As the text for "Pierrot lunaire", Schönberg selectedtwenty-one poems--each thirteen lines--from a larger series by pre-Dada Belgian poetAlbert Giraud (1860-1929). (This program's title Moondrunk is the English translation ofthe initial poem, Mondestrunken.) Although nineteenth-century French and German composershad occasionally used half-speaking/half-singing for voice against, no one had yetproposed a full-length work like this. In what would become cabaret style, Schönberg'ssoloist speaks, sings and slides on pitch with an intense stylization perhaps comparableonly to certain Early Music ornamentation. True, highly dramatic moments of operas and artsongs had been done in imitation of the earlier melodrama, but these were brief andisolated. With this work, Schönberg not only the inherited tonal and harmonic structurebut also accumulated vocal concepts.

Ms. Rothenberg brought together the superb players of Da Capo ofHouston ensemble and soprano soloist Lucy Shelton with three dancers led by John Kelly.The instrumentalists are noted in their own right, for example Rafael Figueroa isPrincipal Cellist with the Metropolitan Opera Orchestra. They were able to achieve theright blend of necessary precision with late-Romantic shimmer that is integral toSchönberg's conception. Costumed in a turn-of-century long gown and fanciful turban, Ms.Shelton glided easily and convincingly through the piece, giving a more restrainedinterpretation than some on disk. She alternated reclining on a period chaise longue withstanding while throwing off extravagant gestures.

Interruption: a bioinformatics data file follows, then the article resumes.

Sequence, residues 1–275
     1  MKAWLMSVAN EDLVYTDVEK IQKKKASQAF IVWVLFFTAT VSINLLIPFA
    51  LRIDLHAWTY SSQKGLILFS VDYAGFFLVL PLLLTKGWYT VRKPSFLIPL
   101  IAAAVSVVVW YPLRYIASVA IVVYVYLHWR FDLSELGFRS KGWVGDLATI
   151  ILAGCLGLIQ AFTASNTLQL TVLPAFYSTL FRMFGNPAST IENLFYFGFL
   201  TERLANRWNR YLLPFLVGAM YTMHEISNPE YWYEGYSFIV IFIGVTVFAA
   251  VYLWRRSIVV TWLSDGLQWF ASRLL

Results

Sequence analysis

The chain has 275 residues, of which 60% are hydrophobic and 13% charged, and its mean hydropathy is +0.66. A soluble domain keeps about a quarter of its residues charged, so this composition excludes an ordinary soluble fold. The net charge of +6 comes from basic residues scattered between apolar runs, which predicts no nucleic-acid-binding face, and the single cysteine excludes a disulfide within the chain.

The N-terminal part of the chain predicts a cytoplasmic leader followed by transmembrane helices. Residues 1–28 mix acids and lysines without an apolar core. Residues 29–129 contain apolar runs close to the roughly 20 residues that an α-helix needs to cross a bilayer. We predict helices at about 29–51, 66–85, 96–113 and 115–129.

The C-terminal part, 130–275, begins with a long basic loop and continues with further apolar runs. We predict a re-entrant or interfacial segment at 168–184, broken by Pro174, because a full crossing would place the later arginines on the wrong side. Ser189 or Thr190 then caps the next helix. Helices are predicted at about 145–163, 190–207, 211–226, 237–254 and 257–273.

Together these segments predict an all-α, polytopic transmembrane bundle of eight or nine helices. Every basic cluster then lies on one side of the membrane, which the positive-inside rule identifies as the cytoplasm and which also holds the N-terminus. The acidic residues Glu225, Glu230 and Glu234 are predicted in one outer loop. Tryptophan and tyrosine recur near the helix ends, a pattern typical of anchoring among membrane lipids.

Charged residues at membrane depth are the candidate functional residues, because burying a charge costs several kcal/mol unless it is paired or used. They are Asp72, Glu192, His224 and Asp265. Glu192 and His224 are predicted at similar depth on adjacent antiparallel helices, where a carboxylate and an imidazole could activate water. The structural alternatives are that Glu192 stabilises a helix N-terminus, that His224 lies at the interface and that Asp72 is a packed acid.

While the musical side of the evening was on a high level, the stagingdid not necessarily illuminate the text. Three dancers in drab outfits appeared from undera curtain pushing floor sweepings ahead of them. In John Kelly's choreography, they thenbegan to cavort about on a three-level scaffolding (set by Scott Pask).

Few in the enthusiastic audience seemed bothered that Kelly'schoreography offered little in the way of illuminating the absurdist text. A projection ofa large moon at the back was the only recognizable gesture toward Bergamasque PierrotLunaire's curious world. Luckily there was a projection of a large moon at the back toremind us of the piece's title

By way of illustrating Schönberg's vision of previous musical history,the earlier part of the evening was devoted to his arrangements of works by Brahms andJohann Strauss. The capacity audience enthusiastically applauded all the performers at theconclusion.